Everyone in our family wins prizes.
There are prizes for everything.
There is best pie. (I didn’t win that one.)
There are cross-country ski prizes. (I didn’t win those.)
There are P.R. prizes. (I did win one of those, though I don’t consider myself particularly adept at it.)
The only monetary prize I ever won was the Latin Prize in college. I got $25, “enough for a bag of groceries,” as the chair of the department optimistically announced.
Mostly at our house we’ve won prizes for work.
Somewhere in boxes, I have several plaques and framed certificates. I’m honored to have won them, but honestly? One was a state award I can’t remember the name of. The notification didn’t come until after the awards luncheon.
Once I was even a judge for a prize. Let’s just call it Best Cake, though it wasn’t for a cake. I took it very seriously, and suggested the prize should go to a superb baker I genuinely thought had made the best cake. Everybody on the committee was surprised I hadn’t nominated one of my friends.
“That’s conflict of interest,” I said.
Earnest, aren’t I?
I am fascinated by the big literary awards, especially the Man Booker Prize and the National Book Awards, because I add the finalists and winner to my reading lists.
Before I began reading the Guardian and The Telegraph (is that “O frabjous day!” or “Oh woe!”?), my faith in the integrity of literary judges was unshakable. Perhaps the witty opening chapter of Margaret Drabble’s novel, The Sea Lady, reinforced my conviction that awards had meaning. The heroine, Ailsa, a science book prize judge, is very pleased that her silver sequined mermaid-style dress complements the theme of the award-winning book (it’s about fish). But then she wonders,
Would it be suspected that she, as chair of the judges for the shortlist, had favoured a winner to match her sequined gown, and had pressed it for its triumph? Surely not. For although she was derided in sections of the press as an ardent self-publicist, she was also known to be incorruptible. The sea-green, silvery, incorruptible Ailsa. And her fellow-judges were not of a calibre to submit to bullying or manipulation.
Drabble served as a judge for the Aventis Science Book Prize in 2003. She has, however, her doubts about the Booker Prize. When a reporter at The Telegraph in 2011 asked about her never winning the Booker, she said,
“That’s because I won’t allow my books to be entered for it. The Booker is designed to make people cross with one another. Look what it did to Martin Amis and Julian Barnes. In the mid-eighties, I thought it was getting out of hand and how right I was. That was before my sister won [for Possession in 1990].”
James Wood, the very intellectual critic for The New Yorker, begins an article on James Kelman (in the Aug. 25 issue ) by chatting about his experience as a Booker judge in 1994, the year the prize went to James Kelman for How Late It Was, How Late.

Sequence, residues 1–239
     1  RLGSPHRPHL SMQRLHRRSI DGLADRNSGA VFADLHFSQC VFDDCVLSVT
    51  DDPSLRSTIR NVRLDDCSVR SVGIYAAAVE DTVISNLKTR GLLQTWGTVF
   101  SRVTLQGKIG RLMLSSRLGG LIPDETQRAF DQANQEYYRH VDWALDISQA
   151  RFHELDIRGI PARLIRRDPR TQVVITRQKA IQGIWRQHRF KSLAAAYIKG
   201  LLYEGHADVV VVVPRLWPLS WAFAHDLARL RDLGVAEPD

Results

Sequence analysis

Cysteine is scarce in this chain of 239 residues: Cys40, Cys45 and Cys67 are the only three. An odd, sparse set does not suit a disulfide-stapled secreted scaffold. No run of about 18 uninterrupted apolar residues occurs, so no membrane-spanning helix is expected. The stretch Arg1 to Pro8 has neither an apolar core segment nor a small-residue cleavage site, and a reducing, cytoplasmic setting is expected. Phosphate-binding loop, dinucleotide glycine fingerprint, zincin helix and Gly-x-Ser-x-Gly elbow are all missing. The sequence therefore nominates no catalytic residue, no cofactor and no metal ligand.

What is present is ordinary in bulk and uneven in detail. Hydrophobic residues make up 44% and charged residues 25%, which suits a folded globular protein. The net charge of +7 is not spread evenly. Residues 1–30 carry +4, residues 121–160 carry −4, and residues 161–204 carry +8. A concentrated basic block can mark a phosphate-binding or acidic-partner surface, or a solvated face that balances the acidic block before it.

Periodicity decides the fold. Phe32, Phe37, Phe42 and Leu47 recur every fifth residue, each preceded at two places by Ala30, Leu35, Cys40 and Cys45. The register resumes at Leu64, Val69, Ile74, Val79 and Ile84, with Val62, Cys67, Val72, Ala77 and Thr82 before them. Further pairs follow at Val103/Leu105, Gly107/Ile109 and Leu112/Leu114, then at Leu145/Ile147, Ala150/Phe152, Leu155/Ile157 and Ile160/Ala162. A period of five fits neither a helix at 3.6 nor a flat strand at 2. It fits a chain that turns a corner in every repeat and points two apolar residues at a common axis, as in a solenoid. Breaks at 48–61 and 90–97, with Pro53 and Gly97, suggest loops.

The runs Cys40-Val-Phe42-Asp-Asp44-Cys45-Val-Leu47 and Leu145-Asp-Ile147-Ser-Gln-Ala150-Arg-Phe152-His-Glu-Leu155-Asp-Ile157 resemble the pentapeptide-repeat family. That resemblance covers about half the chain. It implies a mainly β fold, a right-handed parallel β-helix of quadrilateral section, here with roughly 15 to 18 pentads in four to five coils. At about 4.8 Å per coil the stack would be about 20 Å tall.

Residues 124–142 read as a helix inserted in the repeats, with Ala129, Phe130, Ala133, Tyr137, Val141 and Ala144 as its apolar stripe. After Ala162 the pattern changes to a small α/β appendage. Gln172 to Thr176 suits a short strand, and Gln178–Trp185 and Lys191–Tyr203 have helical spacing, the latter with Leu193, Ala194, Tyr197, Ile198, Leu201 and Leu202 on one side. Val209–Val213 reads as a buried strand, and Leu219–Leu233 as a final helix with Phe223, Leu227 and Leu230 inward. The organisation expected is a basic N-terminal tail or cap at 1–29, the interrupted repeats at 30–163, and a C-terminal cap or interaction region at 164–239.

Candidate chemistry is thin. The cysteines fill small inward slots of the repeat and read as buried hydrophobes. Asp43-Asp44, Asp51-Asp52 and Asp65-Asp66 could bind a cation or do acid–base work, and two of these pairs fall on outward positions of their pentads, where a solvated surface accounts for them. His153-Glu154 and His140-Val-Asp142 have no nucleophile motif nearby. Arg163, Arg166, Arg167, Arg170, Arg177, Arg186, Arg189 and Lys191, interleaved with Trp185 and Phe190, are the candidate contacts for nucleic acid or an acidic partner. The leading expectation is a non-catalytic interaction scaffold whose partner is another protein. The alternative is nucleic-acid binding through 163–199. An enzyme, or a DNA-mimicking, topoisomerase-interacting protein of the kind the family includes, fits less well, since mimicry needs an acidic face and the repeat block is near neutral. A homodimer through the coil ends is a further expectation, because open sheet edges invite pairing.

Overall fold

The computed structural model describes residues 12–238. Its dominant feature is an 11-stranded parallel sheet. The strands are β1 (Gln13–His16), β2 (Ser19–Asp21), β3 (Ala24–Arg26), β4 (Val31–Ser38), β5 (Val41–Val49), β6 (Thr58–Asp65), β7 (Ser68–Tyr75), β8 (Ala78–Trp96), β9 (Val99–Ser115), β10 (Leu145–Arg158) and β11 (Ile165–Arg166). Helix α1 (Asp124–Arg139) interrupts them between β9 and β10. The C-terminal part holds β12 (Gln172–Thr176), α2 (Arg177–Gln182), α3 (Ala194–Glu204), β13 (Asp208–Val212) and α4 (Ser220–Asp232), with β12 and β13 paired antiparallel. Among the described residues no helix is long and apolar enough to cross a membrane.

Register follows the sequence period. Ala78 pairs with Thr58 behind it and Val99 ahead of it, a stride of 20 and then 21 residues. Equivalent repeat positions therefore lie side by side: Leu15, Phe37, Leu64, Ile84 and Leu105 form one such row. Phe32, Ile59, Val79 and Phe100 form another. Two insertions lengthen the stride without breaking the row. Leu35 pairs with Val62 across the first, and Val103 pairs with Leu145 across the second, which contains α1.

The decision was contentious. For most of us judges, the prize gave recognition to a significant and consistently challenging writer, whose experiments with vernacular speech and internal monologue had produced some of the most stubbornly interesting work in recent British fiction. To others on the panel, his novel was monotonous, unpunctuated, and foulmouthed. (“Every other word is ‘fuck’ ” was the usual reproach.) One of the judges marched out of the room, promising to denounce the decision to the media.
I loved James Kelman’s book.
There are so many stories about literary judge squabbles.
In the U.S. there seems to be less interest in literary prizes than in the UK. No bets, as far as I know. The nominees and winners are announced, but that’s about it. I do know one wicked Pulitzer Prize story. In 2012, the board refused to award the prize for fiction: the fiction jury had nominated David Foster Wallace’s The Pale King, Denis Johnson’s Train Dreams, and Karen Russell’s Swamplandia!
Now what was that about?
Who didn’t like whom?
On the contrary, I haven’t heard much gossip about The National Book Awards, which are the closest thing to the Booker in the U.S. (Do they run a tighter ship?) In 2011, there was a mistake: Lauren Myracle was phoned to say her book Shine was nominated for best Y.A. novel for the National Book Award. It turned out the nominee was Franny Billingsley, author of Chime.
Many of us–most of us?–are earnest, sincere, politically unaware readers who want the prizes to be just what they are–prizes.
More about books and less about the judges!
And here’s an R.E.M. song, nothing about prizes, but just because I haven’t posted an R.E.M. video in a while. Enjoy!